Rachel Otwell

217-206-6407

Read Rachel's "The Scene" blog.

Rachel's reports focus on the arts, community, and diverse culture. She produces WUIS' original program, Illinois Edition. She also hosts Art Beat, which airs on Fridays and features cultural happenings in the central Illinois region.

 She's a 2012 graduate of the Public Affairs Reporting Program at the University of Illinois Springfield. While working toward that degree she spent a session covering the state legislature for WUIS and Illinois Public Radio with a focus on fracking. Rachel also holds degrees from UIS in Liberal & Integrative Studies, Women & Gender Studies, and African-American Studies. She's tutored Rwandan refugees in Ohio, volunteered at a Kenyan orphanage,  served as an activities assistant at a nursing home, and volunteered at an elephant sanctuary in Thailand. 

Rachel started a career in public media in 2011 when she interned for the National Public Radio program Tell Me More with Michel Martin in Washington, DC. Her reports have also appeared on NPR's Weekend Edition, NPR's All Things Considered, NPR's Morning Edition, WorkingNow.org, and 51%.

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State News
5:00 am
Mon July 27, 2015

Illinois arts advocate condemns Governor's budget plans

Ra Joy, executive director of Arts Alliance Illinois
Credit artsalliance.org

Illinois advocates for the arts say Governor Bruce Rauner's plan for more budget cuts is bad policy. Since 2007, the budget for the Illinois Arts Council Agency has already been cut in half.  Under Rauner's guidance, it would drop another 20 percent, down to $8 million.Ra Joy heads an organization that represents hundreds of artists and cultural groups in the state.

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NPR Story
7:01 am
Thu July 23, 2015

Illinois Arts Advocacy Leader Condemns Governor's Plans

Ra Joy, executive director of Arts Alliance Illinois

Originally published on Wed July 22, 2015 4:12 pm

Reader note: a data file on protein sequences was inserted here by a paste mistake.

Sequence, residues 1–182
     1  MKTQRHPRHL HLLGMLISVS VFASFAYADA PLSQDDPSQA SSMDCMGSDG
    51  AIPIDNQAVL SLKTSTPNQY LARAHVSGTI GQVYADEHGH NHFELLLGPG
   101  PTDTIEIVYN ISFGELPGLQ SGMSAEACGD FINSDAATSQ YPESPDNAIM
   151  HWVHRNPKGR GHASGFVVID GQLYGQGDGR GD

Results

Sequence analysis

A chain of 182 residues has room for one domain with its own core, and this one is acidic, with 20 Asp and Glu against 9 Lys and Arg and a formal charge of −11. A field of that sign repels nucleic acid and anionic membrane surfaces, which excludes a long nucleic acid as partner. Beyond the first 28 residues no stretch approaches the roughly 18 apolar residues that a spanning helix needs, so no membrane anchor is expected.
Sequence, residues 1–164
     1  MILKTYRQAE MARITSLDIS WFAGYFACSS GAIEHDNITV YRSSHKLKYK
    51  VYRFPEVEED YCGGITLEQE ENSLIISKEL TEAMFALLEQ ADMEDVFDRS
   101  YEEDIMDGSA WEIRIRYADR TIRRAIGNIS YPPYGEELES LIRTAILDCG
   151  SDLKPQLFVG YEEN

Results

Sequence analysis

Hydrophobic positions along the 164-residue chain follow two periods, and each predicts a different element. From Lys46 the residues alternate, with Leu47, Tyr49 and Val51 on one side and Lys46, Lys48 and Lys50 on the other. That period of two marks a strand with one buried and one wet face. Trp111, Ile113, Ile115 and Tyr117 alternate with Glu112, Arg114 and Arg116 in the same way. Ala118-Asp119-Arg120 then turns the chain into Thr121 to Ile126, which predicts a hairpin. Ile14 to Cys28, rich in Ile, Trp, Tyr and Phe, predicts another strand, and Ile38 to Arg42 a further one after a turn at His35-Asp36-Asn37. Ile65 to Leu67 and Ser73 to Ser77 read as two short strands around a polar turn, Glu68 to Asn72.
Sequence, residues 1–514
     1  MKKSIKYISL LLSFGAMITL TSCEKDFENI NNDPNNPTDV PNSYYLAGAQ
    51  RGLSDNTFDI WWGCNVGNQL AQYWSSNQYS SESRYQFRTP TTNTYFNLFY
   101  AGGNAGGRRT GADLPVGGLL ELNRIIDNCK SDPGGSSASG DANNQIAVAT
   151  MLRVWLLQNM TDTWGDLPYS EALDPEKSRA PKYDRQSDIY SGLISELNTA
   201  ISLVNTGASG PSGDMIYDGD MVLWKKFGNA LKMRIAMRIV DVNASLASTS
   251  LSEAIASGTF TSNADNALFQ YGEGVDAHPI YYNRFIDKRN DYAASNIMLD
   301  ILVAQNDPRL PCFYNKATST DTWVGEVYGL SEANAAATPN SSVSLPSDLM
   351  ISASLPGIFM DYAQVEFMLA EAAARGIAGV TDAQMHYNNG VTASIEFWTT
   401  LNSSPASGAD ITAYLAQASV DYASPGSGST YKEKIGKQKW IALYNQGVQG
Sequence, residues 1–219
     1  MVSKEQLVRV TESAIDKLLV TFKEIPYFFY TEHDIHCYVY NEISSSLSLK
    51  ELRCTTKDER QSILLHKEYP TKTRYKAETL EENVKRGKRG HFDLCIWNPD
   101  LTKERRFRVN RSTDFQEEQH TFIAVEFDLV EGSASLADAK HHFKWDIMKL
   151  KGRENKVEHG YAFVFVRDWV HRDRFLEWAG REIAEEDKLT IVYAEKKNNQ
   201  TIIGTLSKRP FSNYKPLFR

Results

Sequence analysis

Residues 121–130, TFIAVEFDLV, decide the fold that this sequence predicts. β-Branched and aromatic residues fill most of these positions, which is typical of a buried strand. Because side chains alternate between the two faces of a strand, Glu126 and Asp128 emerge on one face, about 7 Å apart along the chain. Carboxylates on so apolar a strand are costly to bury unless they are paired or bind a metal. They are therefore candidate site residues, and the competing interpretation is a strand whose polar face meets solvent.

Ra Joy  heads Arts Alliance Illinois, an advocacy group that represents hundreds of cultural groups and artists in the state. He was at the capitol this week with about 500 hundred other rally-goers, urging Governor Bruce Rauner and lawmakers to keep the Illinois State Museum open. Gov. Rauner wants to close it, saying the estimated $5 million per year in savings is needed because of a state budget that's billions in the red. Joy says that move is short-sighted and "bone-headed."

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NPR Story
6:10 am
Fri July 10, 2015

How Has ACA Changed Access To Contraception In IL?

Originally published on Fri July 24, 2015 4:54 pm

With the advent of the Affordable Care Act, and the insurance marketplace in Illinois - more contraceptives are available at no cost to women who are covered under the plans. But there is still confusion when it comes to just what methods are included. 

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NPR Story
6:10 am
Fri July 10, 2015

Downtown Springfield Celebrates BACON

Originally published on Thu July 9, 2015 1:01 pm

Taste of Downtown was a festival that Springfield had put on for 15 years. But it's gone. In its place is the Bacon Throwdown & Music Fest, also hosted by Downtown Springfield Inc. Victoria Ringer heads the non-profit group. She joined us to talk about the new fest - which will feature bacon as the key ingredient to the food being offered from Springfield-area resturants.

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State News
6:38 am
Fri July 3, 2015

Grassroots Efforts To Keep State Museum Open